With six players and 36 cards there will be no talon. All the cards are dealt to the players and the dealer's last card is turned face up to determine the trump suit. This trump is part of the dealer's hand and is picked up along with the dealer's other five cards when everyone has had a chance to look at it.
The players pick up their cards and look at them. In the first hand of a session, the holder of the lowest trump plays first. If anyone has the trump 6 they show it to prove they are entitled to begin. If no one has the trump 6, then the holder of the trump 7 will start; if no one has that, the trump 8 and so on. The first play does not have to include the lowest trump - the holder of the lowest trump can begin with any card. In the second and subsequent hands of a session, the player to the left of the dealer begins the play.
Attack and Defence
The play consists of a series of bouts. During each bout there is an attacker (who may be helped by other players) and a defender (who defends alone).
The attacker begins by playing any card from hand face up on the table in front of the defender. To beat off the attack the defender will have to beat this and all subsequent attacking cards. A card which is not a trump can be beaten by playing a higher card of the same suit, or by any trump. A trump card can only be beaten by playing a higher trump. Note that a non-trump attack can always be beaten by a trump, even if the defender also holds cards in the suit of the attack card - there is no requirement to "follow suit".
Alternatively, if the defender cannot or does not wish to beat off the attack, the defender simply picks up the attack card, which then becomes part of the defender's hand; in this case the attack has succeeded.
If the defender beats the first attack card, the attacker can continue the attack by playing another card, which must be equal in rank to either the attacker's or the defender's first card. If the defender beats this second attack card too, the attack can be continued with further cards, subject to the following conditions:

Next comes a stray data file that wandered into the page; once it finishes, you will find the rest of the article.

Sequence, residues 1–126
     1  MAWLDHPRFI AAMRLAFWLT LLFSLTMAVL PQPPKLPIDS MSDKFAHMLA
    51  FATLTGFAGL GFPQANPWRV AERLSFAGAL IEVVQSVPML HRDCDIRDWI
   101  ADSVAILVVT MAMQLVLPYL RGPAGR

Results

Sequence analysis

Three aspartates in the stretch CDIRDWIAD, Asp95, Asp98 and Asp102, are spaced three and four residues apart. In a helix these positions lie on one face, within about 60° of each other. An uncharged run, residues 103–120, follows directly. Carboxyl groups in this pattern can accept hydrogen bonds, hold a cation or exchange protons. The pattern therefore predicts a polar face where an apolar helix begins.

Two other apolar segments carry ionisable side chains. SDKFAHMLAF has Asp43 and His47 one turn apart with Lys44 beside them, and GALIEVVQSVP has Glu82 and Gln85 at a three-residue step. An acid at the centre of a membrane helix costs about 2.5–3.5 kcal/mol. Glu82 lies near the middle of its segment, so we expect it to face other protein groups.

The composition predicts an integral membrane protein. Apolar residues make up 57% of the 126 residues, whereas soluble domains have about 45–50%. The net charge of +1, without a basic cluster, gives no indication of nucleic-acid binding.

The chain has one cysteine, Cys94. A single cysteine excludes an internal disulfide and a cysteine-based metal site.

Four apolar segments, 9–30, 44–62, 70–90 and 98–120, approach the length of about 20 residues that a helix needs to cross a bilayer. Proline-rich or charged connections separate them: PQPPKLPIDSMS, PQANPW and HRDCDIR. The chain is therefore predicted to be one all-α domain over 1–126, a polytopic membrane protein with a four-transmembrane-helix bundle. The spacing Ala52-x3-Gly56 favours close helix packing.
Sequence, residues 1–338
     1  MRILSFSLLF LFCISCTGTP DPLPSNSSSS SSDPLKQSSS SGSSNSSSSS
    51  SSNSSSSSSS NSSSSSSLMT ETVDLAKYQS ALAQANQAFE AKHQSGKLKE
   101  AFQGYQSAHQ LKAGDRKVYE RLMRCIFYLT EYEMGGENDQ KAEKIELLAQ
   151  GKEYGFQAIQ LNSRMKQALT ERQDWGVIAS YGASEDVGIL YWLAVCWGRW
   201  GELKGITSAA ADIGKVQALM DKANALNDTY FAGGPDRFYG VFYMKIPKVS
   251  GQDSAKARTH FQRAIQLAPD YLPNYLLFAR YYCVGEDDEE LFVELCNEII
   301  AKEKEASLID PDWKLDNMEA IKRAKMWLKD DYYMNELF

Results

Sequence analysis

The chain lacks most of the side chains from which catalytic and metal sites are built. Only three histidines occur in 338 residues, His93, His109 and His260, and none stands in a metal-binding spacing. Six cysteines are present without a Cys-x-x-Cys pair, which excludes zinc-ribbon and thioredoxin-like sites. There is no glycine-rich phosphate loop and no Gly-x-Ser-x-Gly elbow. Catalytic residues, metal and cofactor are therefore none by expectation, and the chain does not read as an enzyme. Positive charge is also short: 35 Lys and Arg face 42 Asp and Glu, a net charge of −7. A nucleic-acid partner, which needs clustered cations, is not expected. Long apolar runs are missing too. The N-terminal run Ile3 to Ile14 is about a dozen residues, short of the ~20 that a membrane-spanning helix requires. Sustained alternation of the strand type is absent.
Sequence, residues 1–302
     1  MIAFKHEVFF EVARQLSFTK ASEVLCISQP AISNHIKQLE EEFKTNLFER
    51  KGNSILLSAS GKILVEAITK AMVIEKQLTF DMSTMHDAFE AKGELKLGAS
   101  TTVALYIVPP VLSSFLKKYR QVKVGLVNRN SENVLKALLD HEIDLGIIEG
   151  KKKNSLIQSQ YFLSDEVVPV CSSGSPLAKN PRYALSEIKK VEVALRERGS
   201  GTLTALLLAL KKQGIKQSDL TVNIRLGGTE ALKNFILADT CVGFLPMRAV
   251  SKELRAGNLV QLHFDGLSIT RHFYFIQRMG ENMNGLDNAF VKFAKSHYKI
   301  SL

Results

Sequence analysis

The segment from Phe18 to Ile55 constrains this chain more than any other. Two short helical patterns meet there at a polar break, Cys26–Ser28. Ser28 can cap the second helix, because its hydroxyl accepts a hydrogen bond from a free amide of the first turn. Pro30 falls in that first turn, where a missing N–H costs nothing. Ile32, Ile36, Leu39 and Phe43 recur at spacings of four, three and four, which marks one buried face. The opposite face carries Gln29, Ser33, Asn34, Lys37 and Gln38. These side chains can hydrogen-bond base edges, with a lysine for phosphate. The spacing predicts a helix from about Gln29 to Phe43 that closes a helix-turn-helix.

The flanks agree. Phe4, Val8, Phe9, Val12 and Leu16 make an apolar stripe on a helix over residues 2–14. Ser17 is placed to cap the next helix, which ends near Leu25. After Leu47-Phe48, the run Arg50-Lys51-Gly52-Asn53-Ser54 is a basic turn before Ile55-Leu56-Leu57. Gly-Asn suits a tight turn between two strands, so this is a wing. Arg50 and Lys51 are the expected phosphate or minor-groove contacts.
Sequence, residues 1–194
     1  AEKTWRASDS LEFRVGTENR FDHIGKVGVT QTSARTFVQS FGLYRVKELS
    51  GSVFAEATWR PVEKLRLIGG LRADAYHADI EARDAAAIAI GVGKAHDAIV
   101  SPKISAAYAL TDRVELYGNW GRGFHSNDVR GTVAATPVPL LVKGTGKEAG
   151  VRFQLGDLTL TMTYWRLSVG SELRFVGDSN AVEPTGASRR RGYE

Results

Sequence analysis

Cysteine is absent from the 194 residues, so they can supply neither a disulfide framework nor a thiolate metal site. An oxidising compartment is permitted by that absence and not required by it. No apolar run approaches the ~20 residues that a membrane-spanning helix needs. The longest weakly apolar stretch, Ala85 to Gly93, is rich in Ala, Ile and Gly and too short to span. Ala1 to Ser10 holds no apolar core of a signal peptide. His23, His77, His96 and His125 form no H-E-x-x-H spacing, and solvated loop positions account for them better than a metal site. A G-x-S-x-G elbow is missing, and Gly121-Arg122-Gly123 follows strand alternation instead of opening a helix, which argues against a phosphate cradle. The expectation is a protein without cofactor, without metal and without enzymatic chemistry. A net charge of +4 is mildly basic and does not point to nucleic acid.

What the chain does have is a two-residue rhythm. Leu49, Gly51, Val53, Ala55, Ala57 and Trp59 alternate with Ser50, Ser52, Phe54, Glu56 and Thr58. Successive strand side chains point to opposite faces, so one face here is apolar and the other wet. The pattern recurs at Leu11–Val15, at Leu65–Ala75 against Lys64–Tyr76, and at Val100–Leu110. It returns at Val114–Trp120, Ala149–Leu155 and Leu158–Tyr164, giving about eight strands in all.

- each new attack card must be of the same rank as some card already played during the current bout - either an attack card or a card played by the defender;
- the total number of cards played by the attackers during a bout must never exceed six;
- if the defender had fewer than six cards before the bout, the number of cards played by the attackers must not be more than the number of cards in the defender's hand.
The attack cards are placed separately face up in front of the defender, and each card played by the defender is placed face up on top of the card it is beating, slightly offset so that the values of all cards can be seen.
The defender succeeds in beating off the whole attack if either:
- the defender has beaten all the attack cards played so far, and none of the defender's opponents is able and willing to continue the attack;
- the defender succeeds in beating six attacking cards;
- the defender (having begun the defence holding fewer than six cards) has no cards left in hand, all the defender's cards having been used to beat attack cards.
When an attack is beaten off, all the cards played during the bout (the attacking cards and the defender's cards) are thrown face down on a discard heap and are not used again during the play of this deal. The defender becomes the attacker for the next bout, and the player to the new attacker's left is the new defender.